The pomegranate, Punica granatum, has been cultivated as a fruit crop since antiquity. Native to central Asia, the pomegranate and its use are deeply embedded in human history with references in many ancient cultures of its use in food and medicine (Holland et al., 2009). Pomegranate produces fruit that is valued for its juice-containing arils, health benefits, and decoration and is consumed and marketed as whole fresh fruit, extracted arils, juice, syrup (grenadine), wine, teas, seed oil, and other products. In addition, it is used as an ingredient in an array of products ranging from cosmetics to nutritional supplements. Recent consumption of pomegranates has rapidly increased attributable in part to its reported health benefits that include efficacy against a wide range of conditions, including coronary heart disease, atherosclerosis, prostate cancer, hypertension, and infectious diseases (Basu and Penugonda, 2008; Holland et al., 2009; Lansky and Newman, 2007; Seeram et al., 2006).
The pomegranate fruit is spherical, crowned with a persistent calyx, and covered with a leathery pericarp derived from sepals and adhering floral tissue. Developing from a flower with showy crenulated petals, the hypogenous ovary contains a large number of ovules. Wetzstein et al. (2011) described the morphology and anatomy of the flower types in pomegranate, which consist of both hermaphrodite and functionally male flowers. Fruit are derived from hermaphrodite flowers, which have a discoid stigma covered with copious exudate, an elongated style, and an ovary with many ovules, which on fertilization develop into the hundreds of succulent juice-containing arils that make up the edible portion of the fruit. Male flowers fail to set fruit and have reduced female parts characterized by shortened pistils containing rudimentary, degenerated ovules (Shulman et al., 1984; Wetzstein et al., 2011).
Within commercial orchards, the size of fruits produced can be quite variable, even with trees of the same genotype grown under similar cultivation practices (N. Ravid, personal communication). Although pomegranates have been cultivated since antiquity, fruit attributes, particularly those related to size, are poorly defined. With market premiums for large-sized fruits and producer-targeted traits including high total aril weight and juice content, understanding fruit attributes is essential. Recent research has addressed quantitative evaluations of pomegranate fruit characteristics, but generally, objectives have been to compare genotypes for selection and breeding programs or to evaluate growth under different climatic conditions (Barone et al., 2001; Dafny-Yalin et al., 2010; Drogoudi et al., 2005; Mars and Marrakchi, 1999; Martinez et al., 2006).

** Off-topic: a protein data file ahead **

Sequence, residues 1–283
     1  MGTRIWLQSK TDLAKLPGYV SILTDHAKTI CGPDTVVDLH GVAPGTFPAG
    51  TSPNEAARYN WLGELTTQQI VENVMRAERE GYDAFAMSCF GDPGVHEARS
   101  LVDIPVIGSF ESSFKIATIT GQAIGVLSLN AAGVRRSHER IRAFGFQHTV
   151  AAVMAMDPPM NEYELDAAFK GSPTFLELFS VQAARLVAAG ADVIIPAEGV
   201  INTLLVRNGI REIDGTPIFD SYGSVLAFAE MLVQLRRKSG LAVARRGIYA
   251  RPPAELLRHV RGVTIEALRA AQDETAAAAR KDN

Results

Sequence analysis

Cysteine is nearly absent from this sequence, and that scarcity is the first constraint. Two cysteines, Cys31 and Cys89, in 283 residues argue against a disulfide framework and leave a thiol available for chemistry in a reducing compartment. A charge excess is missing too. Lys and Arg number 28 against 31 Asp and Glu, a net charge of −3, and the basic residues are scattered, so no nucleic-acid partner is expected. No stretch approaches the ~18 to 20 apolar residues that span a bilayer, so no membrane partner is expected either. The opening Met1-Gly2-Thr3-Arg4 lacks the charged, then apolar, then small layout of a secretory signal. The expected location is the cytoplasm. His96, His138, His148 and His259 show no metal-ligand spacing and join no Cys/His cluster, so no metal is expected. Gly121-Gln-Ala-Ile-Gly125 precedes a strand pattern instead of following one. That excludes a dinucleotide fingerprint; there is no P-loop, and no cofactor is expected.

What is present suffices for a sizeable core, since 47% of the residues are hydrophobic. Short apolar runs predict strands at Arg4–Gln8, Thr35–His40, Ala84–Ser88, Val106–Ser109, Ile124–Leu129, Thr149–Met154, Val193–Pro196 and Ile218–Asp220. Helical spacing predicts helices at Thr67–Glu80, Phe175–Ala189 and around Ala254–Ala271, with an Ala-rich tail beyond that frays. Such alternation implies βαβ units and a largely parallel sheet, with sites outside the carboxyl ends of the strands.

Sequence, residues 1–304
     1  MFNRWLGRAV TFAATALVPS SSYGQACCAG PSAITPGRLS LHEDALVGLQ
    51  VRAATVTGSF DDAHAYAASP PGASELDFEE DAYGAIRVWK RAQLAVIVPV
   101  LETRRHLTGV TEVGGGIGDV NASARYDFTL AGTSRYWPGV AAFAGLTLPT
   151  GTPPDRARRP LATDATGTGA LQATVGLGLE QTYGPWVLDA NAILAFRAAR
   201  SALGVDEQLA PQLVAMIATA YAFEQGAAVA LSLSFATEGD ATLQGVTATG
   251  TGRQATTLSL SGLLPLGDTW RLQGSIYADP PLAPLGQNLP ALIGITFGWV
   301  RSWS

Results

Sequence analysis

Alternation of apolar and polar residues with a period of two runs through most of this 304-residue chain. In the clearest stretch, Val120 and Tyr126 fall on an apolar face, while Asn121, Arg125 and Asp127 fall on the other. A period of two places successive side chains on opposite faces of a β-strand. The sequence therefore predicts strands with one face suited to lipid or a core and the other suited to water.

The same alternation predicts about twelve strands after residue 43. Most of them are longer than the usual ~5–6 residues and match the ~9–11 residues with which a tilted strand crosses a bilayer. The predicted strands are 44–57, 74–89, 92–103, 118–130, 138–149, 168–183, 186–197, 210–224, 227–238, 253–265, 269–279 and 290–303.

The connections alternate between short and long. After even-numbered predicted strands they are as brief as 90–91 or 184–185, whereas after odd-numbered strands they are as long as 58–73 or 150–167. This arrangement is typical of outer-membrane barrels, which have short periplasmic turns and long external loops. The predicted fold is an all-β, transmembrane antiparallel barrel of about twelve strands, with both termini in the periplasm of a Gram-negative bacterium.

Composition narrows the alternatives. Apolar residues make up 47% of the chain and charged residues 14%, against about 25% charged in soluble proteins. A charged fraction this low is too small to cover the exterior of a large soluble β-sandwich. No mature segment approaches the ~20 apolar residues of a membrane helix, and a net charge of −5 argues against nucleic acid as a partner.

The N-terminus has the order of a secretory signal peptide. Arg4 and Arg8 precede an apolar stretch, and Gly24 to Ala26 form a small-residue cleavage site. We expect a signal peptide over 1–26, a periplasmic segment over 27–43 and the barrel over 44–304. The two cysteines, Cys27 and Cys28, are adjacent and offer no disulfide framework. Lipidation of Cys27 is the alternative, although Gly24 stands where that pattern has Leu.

Despite the long history of pomegranate culture as a fruit crop, literature is lacking on how fruit characteristics and components relate to changes in fruit size. Pomegranate exhibits considerable phenotypic diversity in fruit size among different genotypes (Drogoudi et al., 2005; Mars and Marrakchi, 1999; Martinez et al., 2006). However, the literature lacks evaluations of within-genotype fruit attributes and how fruits change in relation to size. A number of fundamental questions related to pomegranate fruit development remain unanswered. Unclear is how fruit composition changes with fruit size. What characteristics are associated with larger fruit? Do fruit components such as the proportion of aril to pericarp and membrane content stay constant or do they change with varying fruit size? Does juice content change with fruit size? What is more important to fruit size: increasing aril numbers per fruit or promoting more extensive aril enlargement?